+ She read independently. A lot. About 47 Magic Tree House books, about 400 rubbish books about fairies, and nearly all of the Goddess Girls series. She is at this moment completely immersed in Greek Mythology. Ask her to spell Persephone! Yesterday, deep in a role-play, she asked me how my daughter Persephone was. (That makes me Demeter.) “Fine now,” I said, “though I fear the time is soon coming for her to join Hades down below.” “That Hades – he’s so awful.” she said, referring to poor Errol, stuck playing the bad guy again.
+ She can, completely on her own, mix up a batch of no-knead artisan bread, our household staple bread.
+ She is well-versed in The Hobbit as well as the the pilgrims of Plymouth.
+ She has a notebook filled with information copied from The Chicken Health Handbook in a self-driven attempt to figure out why our hens aren’t producing any eggs.
+ She can accurately calculate and measure with fractions of cups.
+ She started up an egg business.
+ She has choreographed a dance performance starring herself and Errol nearly every week of this year. They’re getting quite good.  She also composed a musical performance using the piano in lieu of dialogue, featuring zombies, a funeral, and a haunted house.  Oh, it was so good.

Like her, I’m fixated most on those things that have happened in only the last 10 minutes or so. It was a wildly successful year, fully realizing our goal of rebuilding. It was a time to observe, to internalize what was working, take note of what was not.

At the doorstep of a new school year, we’re at a much different place and I feel the need for more structure, if only to have something to break out of time and again, but then return to.  This year, I crave the security blanket of a nuts-and-bolts, secular, grade-appropriate set of guidelines. Not a curriculum, per se, but an overview of standards. I think I’ve found something suitable in the Core Knowledge series, and have already found copies of What your __grader needs to know to augment our home library.  I suspect we may breeze through it before the end of the year, using it as a springboard for further discovery.  I’ve also found some math curriculum to make sure we’re not missing anything critical. There’s talk of beginning German instruction with Captain Deutsch-Daddio, of more music lessons. There’s a 4 year old boy to consider in all of this too, and how we can entrench our days in letter/number recognition and days of the week and seasons…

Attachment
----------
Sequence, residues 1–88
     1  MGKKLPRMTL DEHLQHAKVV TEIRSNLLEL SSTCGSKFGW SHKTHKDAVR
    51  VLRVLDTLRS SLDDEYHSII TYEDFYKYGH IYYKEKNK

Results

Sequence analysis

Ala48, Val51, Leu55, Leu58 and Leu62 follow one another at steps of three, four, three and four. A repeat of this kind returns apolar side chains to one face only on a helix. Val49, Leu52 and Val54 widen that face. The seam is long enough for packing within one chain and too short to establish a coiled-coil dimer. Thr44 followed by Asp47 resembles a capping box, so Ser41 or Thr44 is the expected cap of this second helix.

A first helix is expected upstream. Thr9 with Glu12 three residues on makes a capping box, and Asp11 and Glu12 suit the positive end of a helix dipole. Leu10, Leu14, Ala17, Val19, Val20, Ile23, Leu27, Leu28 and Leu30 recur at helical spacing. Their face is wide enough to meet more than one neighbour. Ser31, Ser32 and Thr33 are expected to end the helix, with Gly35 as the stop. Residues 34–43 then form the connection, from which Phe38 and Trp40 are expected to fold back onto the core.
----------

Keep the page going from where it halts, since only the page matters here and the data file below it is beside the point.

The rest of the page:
The homeschooling philosophy we shall be trying out this year is Project-Based Homeschooling, which will offer dedicated child-led project time each day. We have begun scrubbing down disgust-o bookshelves resurrected from the basement and have collected baskets for storage to line the shelves and are choreographing the placement of work tables to facilitate the project work and –most exciting of all– have started collecting the new art supplies to fill the baskets for project/magic-making.

A crisp new weekly planner has arrived in the mail and beckons me.  We trust that our new rhythm is just around the corner, within grasp, and through it we will find that there’s room in the week for all that is important to us, room for all that we need to keep growing.

Ah, the power of crisp clean pages and freshly sharpened pencils.  Such optimism they hold! A call to focus, nose down in books, and to make sharp the mind.  We’re nearly ready.